Apr 19, 2017

GlobeMed After Graduation

by Kaleigh Post, former Development Associate at GlobeMed Global Headquarters

The 2017 GlobeMed Summit ‘Leading Bravely: Finding Strength in Diversity’ was particularly monumental for alumni with the GlobeMed Alumni Association (GAA) offering sessions specifically for alumni and seniors for the very first time.

The GlobeMed network includes over 4,000 alumni, with roughly 500 students graduating each year. Alumni have gone on to do incredible things, including founding or joining influential organizations in global health and pursuing entirely different career paths through a global health lens. Because of this, GlobeMed Global Headquarters and GlobeMed Alumni recognized the need for a space that would enable GlobeMedders to continue to collaborate, grow, and engage in global health and social justice projects after they graduate and enter their careers.

We worked together to create four alumni sessions during the GlobeMed Summit, one being a Kingian Dinner. Kingian Dinners are similar to Jeffersonian Dinners that help foster conversations about causes affecting the community, and bridge political and social divides. The Kingian Dinner, however, differs by being distinctly branded to honor the legacy of Martin Luther King Jr., with dialogue centering around social justice topics.

Through a pre-Summit survey, alumni expressed feelings of disconnect from GlobeMed in their current careers, both in global health and other fields. Therefore, topic of discussion for this particular Kingian Dinner was Retaining GlobeMed in Your Work. This served as a space to unravel how alumni can, and do, continue to engage in GlobeMed-related work in their professional lives.

“Throughout our lives, we’ll discover new ideas and identities; we’ll make mistakes; we’ll have our values and ideals challenged; we’ll deeply questions our beliefs, let some go and strengthen others. My path, and the paths of my dearest friends, have had all the rich twists and turns of lives being fully lived.” – Maya Cohen, GlobeMed at Columbia University ‘10

We learned alumni are doing so in a variety of ways, including: critically questioning their work through a social justice lens; taking on similar work projects and roles they held in their chapters (i.e. community building); and volunteering. Most commonly, alumni validated the importance of surrounding themselves with fellow GlobeMedders who ground them through the peaks and troughs of their careers.

GlobeMed has helped us develop a deeper understanding of global health inequities and challenged us to do something meaningful about it – an experience that will continue to bind us together. But at its very core GlobeMed is about growth, critically questioning our assumptions and systems, and engaging with the humility to discover humanity in ourselves and in the world around us. So, it isn’t a surprise that as we are exploring our careers, we are finding new versions of ourselves, and new ways to apply our skills and values.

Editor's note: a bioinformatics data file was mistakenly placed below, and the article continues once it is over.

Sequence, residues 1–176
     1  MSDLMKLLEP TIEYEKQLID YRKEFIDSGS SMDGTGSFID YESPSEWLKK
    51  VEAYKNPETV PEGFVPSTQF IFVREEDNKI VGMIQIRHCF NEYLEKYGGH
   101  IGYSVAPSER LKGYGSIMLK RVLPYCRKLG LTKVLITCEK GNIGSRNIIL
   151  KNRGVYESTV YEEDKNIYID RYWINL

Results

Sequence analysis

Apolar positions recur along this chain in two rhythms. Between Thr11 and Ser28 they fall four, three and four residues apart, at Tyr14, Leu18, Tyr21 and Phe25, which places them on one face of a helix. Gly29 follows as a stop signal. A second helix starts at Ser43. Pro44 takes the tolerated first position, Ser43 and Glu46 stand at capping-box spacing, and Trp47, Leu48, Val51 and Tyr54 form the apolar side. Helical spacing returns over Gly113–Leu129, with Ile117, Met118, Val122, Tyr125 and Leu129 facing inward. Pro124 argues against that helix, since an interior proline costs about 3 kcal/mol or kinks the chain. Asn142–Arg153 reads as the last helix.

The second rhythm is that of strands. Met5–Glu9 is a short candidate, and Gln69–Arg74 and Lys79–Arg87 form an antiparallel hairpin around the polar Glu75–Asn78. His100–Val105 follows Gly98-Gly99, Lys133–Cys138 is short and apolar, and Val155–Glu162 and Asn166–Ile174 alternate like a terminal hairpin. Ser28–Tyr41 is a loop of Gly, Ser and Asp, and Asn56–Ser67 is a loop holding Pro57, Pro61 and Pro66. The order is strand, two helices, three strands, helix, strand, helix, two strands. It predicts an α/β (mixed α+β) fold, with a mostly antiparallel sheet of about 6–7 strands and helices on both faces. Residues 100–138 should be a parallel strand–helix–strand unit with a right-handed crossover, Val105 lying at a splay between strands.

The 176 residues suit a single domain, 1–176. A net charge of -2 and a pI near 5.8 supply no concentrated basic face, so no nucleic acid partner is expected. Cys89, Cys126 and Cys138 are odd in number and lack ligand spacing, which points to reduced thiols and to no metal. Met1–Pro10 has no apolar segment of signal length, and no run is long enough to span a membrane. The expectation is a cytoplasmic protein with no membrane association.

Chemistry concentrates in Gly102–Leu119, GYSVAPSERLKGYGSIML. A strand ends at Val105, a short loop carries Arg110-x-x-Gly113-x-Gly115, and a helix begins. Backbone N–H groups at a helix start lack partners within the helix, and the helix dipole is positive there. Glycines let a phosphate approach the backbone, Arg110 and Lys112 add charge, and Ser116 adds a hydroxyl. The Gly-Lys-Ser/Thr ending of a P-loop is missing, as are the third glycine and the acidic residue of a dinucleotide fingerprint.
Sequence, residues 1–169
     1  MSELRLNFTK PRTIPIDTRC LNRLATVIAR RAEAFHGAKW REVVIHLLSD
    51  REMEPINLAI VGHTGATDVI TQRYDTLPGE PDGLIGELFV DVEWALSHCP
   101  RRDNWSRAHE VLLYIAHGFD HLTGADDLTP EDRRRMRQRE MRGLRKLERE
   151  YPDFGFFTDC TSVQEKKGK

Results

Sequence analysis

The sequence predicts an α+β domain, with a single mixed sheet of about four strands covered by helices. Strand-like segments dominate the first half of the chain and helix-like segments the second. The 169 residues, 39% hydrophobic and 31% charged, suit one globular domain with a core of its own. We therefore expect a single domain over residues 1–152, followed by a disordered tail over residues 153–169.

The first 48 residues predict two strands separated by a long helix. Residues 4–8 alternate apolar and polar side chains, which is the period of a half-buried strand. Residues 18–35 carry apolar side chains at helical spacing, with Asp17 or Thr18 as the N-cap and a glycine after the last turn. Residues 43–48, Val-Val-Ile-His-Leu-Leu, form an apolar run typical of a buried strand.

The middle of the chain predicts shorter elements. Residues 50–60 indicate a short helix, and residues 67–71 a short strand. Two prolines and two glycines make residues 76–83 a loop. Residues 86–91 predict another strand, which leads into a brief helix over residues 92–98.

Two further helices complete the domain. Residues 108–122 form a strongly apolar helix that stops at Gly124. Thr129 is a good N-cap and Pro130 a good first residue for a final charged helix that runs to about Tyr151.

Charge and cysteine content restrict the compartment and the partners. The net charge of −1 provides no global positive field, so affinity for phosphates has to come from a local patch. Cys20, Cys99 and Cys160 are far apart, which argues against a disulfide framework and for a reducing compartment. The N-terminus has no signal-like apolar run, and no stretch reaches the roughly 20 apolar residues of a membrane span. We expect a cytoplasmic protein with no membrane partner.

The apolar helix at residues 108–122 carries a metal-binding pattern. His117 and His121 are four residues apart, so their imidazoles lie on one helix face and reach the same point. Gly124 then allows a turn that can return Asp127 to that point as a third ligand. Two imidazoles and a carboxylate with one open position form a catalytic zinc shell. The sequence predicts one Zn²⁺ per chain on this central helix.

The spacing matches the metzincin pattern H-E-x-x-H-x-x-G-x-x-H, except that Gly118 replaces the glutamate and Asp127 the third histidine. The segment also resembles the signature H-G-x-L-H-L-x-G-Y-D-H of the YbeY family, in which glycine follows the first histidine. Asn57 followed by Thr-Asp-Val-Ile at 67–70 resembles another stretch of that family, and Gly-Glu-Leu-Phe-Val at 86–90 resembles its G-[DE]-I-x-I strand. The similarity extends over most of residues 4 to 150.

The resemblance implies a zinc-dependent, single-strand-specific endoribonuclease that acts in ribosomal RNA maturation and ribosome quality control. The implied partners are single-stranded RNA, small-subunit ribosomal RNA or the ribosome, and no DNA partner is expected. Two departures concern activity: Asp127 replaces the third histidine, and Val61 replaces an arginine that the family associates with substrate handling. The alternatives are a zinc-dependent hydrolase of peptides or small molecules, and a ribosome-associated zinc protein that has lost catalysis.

Former GlobeMed Executive Director and GlobeMed at Columbia University alumna, Maya Cohen, captured this sentiment really well at the Kingian Dinner:

I was at GlobeMed, then I became a teacher. Now I’m working on a writing project. I have no idea what I’m going to do next. I want to know that, no matter what version of myself and what chapter of my journey I’m currently living, I can come back to GlobeMed and find a family of people ready to love and be loved. It is my fierce hope that every GlobeMed alum would experience the same.”

Retaining GlobeMed in our lives doesn’t have to mean that we remain who we were when we graduated, but rather embracing the unknown and living out GlobeMed values throughout the different stages of our lives. The arc of the moral universe is long, but through our different pursuits, we will bend it towards justice. Don’t stop here, fellow GlobeMedders. Keep going with the courage to lead bravely. Either way, you have home here.

To host a Kingian Dinner, email [email protected] with the subject line ‘Kingian Dinner Series’.

Learn more about some GlobeMed Alumni projects:

Article 25 – Ankur Asthana ’11 & Amee Amin ’14

Broad Street Maps – Anna Clements ’12 & Hannah Judge ’12

Health Security Partners – Sanjana Patel ‘13

Last Mile Health – Peter Luckow ’10

“LikeaGirl” Always campaign – Rachel Darville ’11

Possible Health – Mark Arnoldy ’10

“What Does America Mean?” – Maya Cohen ’10

Photo Caption: GlobeMed Alumni pose for a picture at 2017 GlobeMed Summit Alumni Reception. 

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